Safa Bandi is ruining my life and the yellow shoes.

Today was a good Saturday. Hooray for that. I got a lot accomplished, perhaps because I woke up (involuntarily) at 6:30.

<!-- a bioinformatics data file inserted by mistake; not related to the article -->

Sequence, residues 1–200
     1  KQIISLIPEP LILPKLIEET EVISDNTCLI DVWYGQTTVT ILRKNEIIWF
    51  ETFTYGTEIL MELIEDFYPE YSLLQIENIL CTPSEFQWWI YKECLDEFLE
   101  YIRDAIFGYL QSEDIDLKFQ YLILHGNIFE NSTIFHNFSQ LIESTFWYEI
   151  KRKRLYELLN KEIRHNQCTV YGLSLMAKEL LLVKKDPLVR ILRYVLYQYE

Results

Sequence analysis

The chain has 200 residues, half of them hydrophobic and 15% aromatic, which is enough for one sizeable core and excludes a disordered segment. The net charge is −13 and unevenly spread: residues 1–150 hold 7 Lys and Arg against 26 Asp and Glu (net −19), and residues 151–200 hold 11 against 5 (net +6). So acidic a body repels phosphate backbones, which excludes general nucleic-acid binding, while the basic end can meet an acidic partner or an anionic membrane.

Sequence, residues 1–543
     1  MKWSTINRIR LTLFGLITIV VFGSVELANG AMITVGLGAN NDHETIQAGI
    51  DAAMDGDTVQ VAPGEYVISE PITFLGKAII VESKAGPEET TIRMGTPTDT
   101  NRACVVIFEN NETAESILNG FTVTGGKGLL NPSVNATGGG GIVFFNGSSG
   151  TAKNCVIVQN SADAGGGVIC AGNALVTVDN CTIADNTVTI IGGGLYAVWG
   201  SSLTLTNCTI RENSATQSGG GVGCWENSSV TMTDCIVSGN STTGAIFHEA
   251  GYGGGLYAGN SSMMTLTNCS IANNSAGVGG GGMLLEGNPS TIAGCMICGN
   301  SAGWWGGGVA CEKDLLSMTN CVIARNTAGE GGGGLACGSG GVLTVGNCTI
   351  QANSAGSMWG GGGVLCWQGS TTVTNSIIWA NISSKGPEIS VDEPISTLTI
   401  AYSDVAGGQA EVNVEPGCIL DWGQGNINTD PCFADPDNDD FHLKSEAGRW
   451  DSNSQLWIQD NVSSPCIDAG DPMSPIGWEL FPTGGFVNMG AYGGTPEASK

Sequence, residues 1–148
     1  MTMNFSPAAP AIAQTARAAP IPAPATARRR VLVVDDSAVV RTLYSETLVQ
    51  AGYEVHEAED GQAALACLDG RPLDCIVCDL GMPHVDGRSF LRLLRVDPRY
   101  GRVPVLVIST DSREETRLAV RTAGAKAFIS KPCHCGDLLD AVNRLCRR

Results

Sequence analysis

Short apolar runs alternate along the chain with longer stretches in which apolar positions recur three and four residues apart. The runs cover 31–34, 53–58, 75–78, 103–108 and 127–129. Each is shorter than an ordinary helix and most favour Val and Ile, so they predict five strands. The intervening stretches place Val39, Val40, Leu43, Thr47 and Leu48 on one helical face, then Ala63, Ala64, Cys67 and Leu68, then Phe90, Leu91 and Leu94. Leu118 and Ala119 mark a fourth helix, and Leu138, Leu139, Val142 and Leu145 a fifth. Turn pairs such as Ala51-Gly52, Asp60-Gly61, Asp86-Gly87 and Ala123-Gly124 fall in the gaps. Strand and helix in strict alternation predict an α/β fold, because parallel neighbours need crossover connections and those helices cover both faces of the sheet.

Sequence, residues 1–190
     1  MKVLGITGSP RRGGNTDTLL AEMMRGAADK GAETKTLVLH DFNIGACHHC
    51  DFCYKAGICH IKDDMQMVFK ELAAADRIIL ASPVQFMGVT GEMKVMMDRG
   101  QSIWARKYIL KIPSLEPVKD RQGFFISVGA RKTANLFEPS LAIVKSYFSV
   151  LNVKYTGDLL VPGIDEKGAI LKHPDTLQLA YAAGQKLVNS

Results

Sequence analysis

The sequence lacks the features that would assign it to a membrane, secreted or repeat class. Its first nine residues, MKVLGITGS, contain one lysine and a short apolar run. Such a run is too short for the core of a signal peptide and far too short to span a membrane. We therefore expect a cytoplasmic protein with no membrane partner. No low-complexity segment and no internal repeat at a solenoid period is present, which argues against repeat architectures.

I was able to find a lot of things I've been looking for and trying to get around to getting today. I got Carl Sandburg's selected poems for S, whose birthday is next Saturday (the day we will be meeting her and Mr. Kwan in Hongdae). I also got one for Mr. Kwan in case he decides to start whining about how I like S more than him. Also, the main reason behind it is not that it is S's birthday, but that they told me they both nearly failed (and hated) their English language poetry courses at university. They said that poetry is too hard to read in English, and they don't understand it. If you're reading Wordsworth or Keats, I can see their point. But the more modern stuff they (S especially, as she is significantly more fluent than Mr. Kwan) shouldn't have too much trouble with. Well. The English language selections here can be limited, particularly the poetry, because poetry is always limited where ever you go. Carl Sandburg was the most modern thing I could find. Even so, although he isn't one of my favorites, I appreciate him, and I hope he will show S and Mr. Kwan that English language poetry isn't as difficult or dry as they think.